The authorities concerned must do a better job of ensuring that fires do not break out with the regularity that we are seeing
It is a cause for alarm that, yet again, a fire has broken out in the Sundarbans, marking the second fire of 2021 in the region.
At the time of writing, the fire, which broke out on Monday afternoon, had been brought under control, but was not yet fully doused, and as the fire burns, more forest land continues to be destroyed. While the fire-fighters at the scene deserve our sympathy and support for trying their best, ultimately, the grim truth is that we are losing precious forest land to fires.
The Sundarbans are invaluable to us in a multitude of ways; in addition to being a crucial part of Bangladeshi heritage and our identity as a nation, being home to the Bengal tiger, it is also instrumental in preserving the region’s natural eco-system.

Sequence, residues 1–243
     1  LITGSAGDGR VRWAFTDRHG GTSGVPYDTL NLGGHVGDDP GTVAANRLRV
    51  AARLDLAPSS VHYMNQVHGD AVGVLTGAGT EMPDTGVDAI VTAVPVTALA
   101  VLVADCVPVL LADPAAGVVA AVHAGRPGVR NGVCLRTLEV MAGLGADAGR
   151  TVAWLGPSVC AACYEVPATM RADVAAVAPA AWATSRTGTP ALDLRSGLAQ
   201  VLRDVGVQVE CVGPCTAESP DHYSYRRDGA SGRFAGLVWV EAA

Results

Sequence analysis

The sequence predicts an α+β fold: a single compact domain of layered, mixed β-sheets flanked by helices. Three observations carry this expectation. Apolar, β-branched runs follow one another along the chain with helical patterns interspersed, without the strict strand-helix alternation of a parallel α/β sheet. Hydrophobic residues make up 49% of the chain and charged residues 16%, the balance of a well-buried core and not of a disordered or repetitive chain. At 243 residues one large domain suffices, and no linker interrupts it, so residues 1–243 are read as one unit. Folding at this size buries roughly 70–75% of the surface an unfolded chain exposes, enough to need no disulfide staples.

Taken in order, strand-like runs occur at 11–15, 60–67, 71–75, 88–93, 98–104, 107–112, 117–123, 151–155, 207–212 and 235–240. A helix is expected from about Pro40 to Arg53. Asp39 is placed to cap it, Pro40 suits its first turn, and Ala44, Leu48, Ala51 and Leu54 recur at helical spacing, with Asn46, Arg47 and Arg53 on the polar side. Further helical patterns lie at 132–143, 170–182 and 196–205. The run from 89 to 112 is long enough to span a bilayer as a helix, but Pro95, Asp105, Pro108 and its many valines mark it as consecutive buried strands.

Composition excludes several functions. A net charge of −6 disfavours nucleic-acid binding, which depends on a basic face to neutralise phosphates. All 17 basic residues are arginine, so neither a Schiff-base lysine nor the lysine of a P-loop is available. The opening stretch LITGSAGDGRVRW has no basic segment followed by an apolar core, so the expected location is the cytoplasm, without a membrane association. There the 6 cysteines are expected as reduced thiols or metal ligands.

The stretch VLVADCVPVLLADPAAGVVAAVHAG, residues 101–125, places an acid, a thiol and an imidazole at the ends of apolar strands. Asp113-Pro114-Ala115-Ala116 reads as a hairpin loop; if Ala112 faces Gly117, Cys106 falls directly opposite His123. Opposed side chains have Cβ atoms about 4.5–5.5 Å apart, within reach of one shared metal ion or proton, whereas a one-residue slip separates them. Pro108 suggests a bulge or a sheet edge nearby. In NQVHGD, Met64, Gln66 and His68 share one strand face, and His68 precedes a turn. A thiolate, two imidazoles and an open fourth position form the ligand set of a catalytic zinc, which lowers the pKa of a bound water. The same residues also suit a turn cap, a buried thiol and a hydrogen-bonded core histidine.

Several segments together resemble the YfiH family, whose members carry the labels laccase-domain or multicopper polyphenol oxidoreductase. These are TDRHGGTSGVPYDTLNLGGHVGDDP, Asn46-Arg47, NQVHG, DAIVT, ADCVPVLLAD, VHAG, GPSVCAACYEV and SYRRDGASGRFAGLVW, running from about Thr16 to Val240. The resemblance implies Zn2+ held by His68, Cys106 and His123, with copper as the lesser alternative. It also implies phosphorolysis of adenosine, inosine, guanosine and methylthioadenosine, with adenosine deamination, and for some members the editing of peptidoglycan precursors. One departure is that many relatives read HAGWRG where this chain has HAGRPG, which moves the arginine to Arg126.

However, perhaps the Sundarbans’ most significant contribution is to act as our first line of defense against natural calamities such as tropical cyclones, and with the knowledge that the effects of climate change will continue to be particularly detrimental to Bangladesh, we as a nation must leave no stone unturned to preserve it at all times. To that end, it is imperative that the current fire is put out and a thorough investigation carried out to determine why the fire broke out.
Consequently, the authorities concerned must do a better job of ensuring that fires do not break out with the regularity that we are seeing, and that there is active preparedness to deal with any fires immediately. The Sundarbans are too important for Bangladesh -- too important for its conservation and protection to not be a top priority.